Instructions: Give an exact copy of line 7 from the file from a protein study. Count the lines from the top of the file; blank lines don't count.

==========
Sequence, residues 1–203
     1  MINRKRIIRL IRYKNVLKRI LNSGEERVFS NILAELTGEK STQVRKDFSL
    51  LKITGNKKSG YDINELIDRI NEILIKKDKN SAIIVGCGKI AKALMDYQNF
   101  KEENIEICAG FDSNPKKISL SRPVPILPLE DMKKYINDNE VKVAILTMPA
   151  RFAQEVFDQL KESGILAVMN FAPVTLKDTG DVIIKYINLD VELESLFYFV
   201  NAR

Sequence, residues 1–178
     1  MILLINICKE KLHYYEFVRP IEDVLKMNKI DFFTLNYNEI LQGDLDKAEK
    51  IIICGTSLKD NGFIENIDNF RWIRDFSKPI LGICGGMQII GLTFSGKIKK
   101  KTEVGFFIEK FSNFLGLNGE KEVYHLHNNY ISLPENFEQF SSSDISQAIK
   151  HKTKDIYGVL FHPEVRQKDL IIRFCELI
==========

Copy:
Sequence, residues 1–178